Body Acceptance: Change the Conversation
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It's a really delicate subject, and I don't know where to begin. I'm going to let you know right up front that there's a little bit of shame lurking behind what I'm about to spew out, so I'm asking for your compassion and an open heart. 

The 'love your body' movement that's happening right now is powerful. I'm inspired and uplifted by so many friends and strangers I'm seeing on social media loving on their bodies - whether they're one week, 10 years, somewhere in between, or not at all postpartum. This movement has triggered something within me I'd like to share from my viewpoint.

Before, and even during my pregnancy, I would never have thought that I'd have postpartum body image issues. I've always been considered a 'healthy weight' according to my BMI, etc. I didn't gain a lot of weight during my pregnancy and at my daughter's two week checkup, I was back to my 'pre-pregnancy' weight. Woo-hoo, right?

I'll come right out and say that I'm currently struggling with what I can't describe other than feeling self conscious of being thin. Right now, I weigh less than I weighed my senior year of high school. I'm hungry almost all of the time. My hormones are messy. The intensity of my sugar cravings often leave me wondering if something is wrong with me (my poor husband). I hesitate to exercise beyond slow flow yoga because in the back of my mind, I know that if I exert myself too much, I'll be even hungrier, and I have to catch up even more calorie wise - it takes a lot right now to make me feel truly full. I'm breastfeeding around the clock and because of that, I'm burning calories like I've run 3 miles and to be totally honest, I don't do a lot more than sit on the floor and sing along to Raffi radio. Genetically, I was handed a fast metabolism. Before you think, "I wish I had that problem!", please wait.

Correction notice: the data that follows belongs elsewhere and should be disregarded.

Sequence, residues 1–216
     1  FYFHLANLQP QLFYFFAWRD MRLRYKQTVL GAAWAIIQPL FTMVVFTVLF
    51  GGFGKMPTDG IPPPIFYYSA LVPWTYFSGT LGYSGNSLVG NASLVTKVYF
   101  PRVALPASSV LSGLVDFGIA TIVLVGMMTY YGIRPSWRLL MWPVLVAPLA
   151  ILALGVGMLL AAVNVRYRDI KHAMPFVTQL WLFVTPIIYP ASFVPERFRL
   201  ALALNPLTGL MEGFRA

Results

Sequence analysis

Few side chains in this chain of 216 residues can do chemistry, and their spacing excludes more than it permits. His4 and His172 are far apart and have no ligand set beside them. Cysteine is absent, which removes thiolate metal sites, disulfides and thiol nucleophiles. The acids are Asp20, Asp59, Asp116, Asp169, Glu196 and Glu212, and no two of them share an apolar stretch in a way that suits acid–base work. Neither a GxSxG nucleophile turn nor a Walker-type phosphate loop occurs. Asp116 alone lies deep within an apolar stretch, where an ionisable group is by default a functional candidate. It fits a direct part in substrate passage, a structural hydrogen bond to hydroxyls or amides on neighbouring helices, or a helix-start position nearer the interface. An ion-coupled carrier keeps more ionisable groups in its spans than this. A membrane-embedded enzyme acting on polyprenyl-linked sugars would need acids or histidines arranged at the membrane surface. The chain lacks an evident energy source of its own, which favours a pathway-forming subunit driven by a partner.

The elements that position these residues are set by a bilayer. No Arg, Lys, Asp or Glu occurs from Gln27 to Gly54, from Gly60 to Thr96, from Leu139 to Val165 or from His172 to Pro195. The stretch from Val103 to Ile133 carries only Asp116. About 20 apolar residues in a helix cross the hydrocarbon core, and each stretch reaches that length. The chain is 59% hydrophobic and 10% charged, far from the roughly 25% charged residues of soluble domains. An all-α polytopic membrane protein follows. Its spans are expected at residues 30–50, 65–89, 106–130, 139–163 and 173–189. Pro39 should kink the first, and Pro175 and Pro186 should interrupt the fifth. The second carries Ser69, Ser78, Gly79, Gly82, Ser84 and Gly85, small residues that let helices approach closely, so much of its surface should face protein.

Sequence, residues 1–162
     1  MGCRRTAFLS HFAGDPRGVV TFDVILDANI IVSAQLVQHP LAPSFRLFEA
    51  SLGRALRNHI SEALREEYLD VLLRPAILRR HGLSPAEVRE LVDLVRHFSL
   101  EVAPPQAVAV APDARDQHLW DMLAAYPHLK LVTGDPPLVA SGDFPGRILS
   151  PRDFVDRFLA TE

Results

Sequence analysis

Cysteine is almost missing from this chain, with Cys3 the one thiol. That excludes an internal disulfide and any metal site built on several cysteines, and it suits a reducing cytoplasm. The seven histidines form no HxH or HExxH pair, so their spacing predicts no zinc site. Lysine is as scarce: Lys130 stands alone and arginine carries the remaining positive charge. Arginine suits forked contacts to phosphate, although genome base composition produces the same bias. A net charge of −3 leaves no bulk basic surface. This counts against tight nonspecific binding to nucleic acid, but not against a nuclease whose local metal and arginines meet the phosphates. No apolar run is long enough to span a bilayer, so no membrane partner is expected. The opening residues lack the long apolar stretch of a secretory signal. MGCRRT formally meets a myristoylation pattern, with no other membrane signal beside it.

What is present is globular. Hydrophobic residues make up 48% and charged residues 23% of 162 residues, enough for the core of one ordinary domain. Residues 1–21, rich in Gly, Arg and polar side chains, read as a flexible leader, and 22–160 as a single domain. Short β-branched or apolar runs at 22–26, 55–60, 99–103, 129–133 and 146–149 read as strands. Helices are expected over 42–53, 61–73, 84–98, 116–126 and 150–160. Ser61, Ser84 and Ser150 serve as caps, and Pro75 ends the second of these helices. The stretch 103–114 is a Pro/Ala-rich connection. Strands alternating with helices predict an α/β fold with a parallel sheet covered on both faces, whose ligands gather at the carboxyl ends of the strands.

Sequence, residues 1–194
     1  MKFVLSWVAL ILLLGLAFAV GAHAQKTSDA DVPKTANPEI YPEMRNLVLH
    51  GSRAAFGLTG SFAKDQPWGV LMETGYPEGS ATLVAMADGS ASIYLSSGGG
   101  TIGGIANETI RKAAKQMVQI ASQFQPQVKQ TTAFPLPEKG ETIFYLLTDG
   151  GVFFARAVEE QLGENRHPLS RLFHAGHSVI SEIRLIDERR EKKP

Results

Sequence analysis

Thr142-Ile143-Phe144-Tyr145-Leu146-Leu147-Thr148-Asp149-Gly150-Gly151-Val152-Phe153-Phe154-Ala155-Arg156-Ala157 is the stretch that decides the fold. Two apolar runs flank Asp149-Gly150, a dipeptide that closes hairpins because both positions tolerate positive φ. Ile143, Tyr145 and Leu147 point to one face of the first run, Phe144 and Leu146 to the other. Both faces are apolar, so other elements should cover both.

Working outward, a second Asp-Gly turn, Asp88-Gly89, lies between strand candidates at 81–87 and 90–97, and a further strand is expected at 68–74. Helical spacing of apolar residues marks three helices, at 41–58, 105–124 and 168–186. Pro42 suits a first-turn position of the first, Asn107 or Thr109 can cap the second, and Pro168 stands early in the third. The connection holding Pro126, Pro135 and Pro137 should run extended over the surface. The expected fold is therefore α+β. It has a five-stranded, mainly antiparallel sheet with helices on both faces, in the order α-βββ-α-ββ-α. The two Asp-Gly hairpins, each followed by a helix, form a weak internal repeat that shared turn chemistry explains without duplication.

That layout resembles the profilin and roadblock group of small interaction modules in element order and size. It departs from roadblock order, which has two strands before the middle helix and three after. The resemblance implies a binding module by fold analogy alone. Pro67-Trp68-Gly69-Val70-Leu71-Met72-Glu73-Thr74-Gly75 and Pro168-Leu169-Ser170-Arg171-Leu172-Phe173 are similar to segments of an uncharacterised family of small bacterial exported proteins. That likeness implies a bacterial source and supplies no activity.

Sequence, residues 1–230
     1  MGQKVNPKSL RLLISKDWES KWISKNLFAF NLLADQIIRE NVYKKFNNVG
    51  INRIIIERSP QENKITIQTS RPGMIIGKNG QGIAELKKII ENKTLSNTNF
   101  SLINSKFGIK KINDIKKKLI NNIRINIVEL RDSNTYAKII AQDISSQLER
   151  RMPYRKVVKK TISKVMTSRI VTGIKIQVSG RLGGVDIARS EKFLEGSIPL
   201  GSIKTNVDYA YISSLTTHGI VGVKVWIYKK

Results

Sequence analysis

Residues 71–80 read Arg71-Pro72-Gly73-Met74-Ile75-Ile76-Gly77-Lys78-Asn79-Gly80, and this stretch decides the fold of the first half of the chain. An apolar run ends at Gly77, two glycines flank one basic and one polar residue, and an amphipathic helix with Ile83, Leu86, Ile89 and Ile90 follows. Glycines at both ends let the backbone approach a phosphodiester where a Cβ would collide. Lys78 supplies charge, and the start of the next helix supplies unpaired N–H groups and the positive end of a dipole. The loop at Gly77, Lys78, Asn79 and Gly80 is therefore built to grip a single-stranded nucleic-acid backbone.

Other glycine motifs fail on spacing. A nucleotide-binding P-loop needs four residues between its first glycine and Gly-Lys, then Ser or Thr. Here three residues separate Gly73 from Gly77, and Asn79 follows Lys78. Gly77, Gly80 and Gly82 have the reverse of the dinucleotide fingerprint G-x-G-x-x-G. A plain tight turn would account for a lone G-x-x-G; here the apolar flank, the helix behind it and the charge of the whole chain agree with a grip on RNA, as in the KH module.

The message I'm seeing on social media is that you should love the body you're rockin' no matter what size it is. And I agree. I can get behind this message 1,000%. I'm struggling though, because what I'm hearing a lot of, by family, friends and even strangers, is a lot of: "Look how tiny you are." "Geez, Natalie, you look really skinny", or "You're so small", otherwise translating my already self-conscious mind to, "you are not enough", a voice I work so hard to quiet. Body shaming, even the unintentional kind from well meaning folks, exists no matter what size a person is. 

Every single time one of these comments comes my way, I want to curl into a ball and crawl into a hole because it makes me feel uncomfortable. I don't always feel good in the skin I'm in. I often feel hungry and exhausted, and I feel like I miss working out and practicing strong yoga poses and going to pilates and eating one meal at meal times and feeling like that's enough. I used to fend off my emotions around body-specific comments by saying, "Thanks, I feel healthy" (trying to speak to what actually matters to me)  but I can't even respond with that anymore and feel like I'm being honest because it's not totally true. So I awkwardly change the subject because, why are we talking about my body anyway? Why does it matter? I know that while I medically check out as healthy, I don't always feel like it. And, you guys, I've always been on the side of feeling healthy is way more important than looking good.